Flagella mediate attachment of enterotoxigenic Escherichia coli to fresh salad leaves
Article first published online: 20 JUL 2010
© 2010 Society for Applied Microbiology and Blackwell Publishing Ltd
Environmental Microbiology Reports
Volume 3, Issue 1, pages 112–117, February 2011
How to Cite
Shaw, R. K., Berger, C. N., Pallen, M. J., Sjöling, Å. and Frankel, G. (2011), Flagella mediate attachment of enterotoxigenic Escherichia coli to fresh salad leaves. Environmental Microbiology Reports, 3: 112–117. doi: 10.1111/j.1758-2229.2010.00195.x
- Issue published online: 8 FEB 2011
- Article first published online: 20 JUL 2010
- Received 16 March, 2010; accepted 2 June, 2010.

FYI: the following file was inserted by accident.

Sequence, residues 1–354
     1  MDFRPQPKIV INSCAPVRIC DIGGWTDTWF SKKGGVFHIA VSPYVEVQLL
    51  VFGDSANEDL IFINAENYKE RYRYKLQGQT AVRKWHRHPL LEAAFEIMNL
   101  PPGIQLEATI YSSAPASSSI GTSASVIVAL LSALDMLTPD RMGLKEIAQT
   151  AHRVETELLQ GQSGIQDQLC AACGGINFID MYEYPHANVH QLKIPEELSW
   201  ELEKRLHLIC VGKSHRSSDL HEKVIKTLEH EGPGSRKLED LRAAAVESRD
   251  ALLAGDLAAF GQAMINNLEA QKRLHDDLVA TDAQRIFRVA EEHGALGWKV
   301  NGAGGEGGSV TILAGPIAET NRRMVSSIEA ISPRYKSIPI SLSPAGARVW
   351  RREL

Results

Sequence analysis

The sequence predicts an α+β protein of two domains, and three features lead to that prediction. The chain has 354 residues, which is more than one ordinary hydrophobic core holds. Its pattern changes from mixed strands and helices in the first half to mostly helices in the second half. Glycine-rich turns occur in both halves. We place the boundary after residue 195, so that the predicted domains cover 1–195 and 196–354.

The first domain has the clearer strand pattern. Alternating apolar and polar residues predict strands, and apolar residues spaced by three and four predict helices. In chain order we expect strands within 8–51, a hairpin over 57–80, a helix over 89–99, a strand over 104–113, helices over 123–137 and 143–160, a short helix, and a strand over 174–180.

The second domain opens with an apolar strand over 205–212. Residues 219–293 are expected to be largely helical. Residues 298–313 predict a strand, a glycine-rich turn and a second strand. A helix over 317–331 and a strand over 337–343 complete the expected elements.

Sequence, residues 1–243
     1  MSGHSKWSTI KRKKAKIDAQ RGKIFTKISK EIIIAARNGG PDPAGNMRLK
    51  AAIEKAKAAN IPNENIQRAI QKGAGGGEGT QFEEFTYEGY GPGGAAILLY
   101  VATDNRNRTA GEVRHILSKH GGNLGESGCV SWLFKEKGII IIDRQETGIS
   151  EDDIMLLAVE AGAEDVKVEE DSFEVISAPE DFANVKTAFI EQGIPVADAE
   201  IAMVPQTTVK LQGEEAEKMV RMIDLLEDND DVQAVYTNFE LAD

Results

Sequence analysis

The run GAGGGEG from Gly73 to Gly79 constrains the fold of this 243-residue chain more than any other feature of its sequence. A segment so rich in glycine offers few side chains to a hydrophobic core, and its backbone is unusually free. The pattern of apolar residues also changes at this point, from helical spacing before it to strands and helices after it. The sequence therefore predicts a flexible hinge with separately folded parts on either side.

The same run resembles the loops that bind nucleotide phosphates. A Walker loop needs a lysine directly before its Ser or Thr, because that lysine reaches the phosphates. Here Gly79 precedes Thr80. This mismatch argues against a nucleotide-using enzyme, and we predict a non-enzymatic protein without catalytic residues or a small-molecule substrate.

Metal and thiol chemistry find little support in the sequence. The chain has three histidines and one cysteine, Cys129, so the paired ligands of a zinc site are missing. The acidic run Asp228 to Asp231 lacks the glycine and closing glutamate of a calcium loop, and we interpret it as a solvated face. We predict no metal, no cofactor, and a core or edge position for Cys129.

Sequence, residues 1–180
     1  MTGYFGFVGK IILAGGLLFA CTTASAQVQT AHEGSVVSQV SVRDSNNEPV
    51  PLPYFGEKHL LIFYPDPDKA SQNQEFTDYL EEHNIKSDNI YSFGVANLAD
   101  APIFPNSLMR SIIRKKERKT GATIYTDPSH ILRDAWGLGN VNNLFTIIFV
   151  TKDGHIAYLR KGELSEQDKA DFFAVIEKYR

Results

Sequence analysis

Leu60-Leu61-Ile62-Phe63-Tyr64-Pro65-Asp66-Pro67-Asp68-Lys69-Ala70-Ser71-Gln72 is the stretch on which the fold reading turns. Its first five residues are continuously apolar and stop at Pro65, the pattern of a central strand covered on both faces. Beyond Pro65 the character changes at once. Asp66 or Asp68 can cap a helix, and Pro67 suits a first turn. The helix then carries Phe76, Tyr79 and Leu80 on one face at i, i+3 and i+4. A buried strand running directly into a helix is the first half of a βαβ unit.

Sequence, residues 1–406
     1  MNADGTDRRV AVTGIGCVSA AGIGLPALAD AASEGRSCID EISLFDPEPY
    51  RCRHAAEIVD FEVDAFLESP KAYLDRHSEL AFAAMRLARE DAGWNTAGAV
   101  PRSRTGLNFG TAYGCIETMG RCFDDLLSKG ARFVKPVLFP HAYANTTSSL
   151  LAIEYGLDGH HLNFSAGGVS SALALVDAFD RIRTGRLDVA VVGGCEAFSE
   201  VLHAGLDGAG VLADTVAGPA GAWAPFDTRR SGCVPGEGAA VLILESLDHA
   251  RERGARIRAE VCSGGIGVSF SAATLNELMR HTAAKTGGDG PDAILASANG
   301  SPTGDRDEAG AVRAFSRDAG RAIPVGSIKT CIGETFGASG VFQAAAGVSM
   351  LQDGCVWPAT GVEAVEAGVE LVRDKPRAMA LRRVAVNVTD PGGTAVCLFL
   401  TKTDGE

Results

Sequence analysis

Enterotoxigenic Escherichia coli (ETEC) causes child and travelers' diarrhea and is presumed to be water- and food-borne. Sporadic outbreaks were traced to consumption of contaminated fresh produce, particularly salad leaves as lettuce and parsley. Importantly, the mechanism by which ETEC binds salad leaves is not known. In this study we investigated the ability of clinical ETEC isolates to adhere to Eruca vesicaria (commonly known as rocket). Towards this end we inoculated pieces of cut E. vesicaria leaves with clinical ETEC isolates grown in Luria broth at 20°C, conditions that are not permissive for expression of the plasmid-encoded colonization factors and hence mimic the actual transmission pathways of ETEC through intake of contaminated food. We found that ETEC strains bind E. vesicaria at various efficiencies. Examination of representative strains by scanning electron microscopy revealed that they adhere to the E. vesicaria surface in a diffuse pattern by extended filaments resembling flagella. Using the prototype ETEC strain H10407 we found that it also binds to lettuce, basil and spinach leaves. Binding of H10407 was dependent on flagella as a fliC mutant attached to leaves at a much lower efficiency. Interestingly, under the employed environmental conditions EtpA, which forms a flagellar tip structure, and colonization factor I are dispensable for leaf attachment. The results show that ETEC can bind specifically to salad leaves, which might represent an important, yet less recognized, source of infection.